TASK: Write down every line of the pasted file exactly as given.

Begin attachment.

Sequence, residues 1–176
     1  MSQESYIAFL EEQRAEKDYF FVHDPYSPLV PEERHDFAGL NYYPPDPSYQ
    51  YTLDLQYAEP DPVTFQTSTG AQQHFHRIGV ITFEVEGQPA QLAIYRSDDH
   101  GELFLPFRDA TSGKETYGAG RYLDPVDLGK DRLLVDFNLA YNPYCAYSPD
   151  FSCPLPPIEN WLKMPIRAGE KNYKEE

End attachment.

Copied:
Sequence, residues 1–176
     1  MSQESYIAFL EEQRAEKDYF FVHDPYSPLV PEERHDFAGL NYYPPDPSYQ
    51  YTLDLQYAEP DPVTFQTSTG AQQHFHRIGV ITFEVEGQPA QLAIYRSDDH
   101  GELFLPFRDA TSGKETYGAG RYLDPVDLGK DRLLVDFNLA YNPYCAYSPD
   151  FSCPLPPIEN WLKMPIRAGE KNYKEE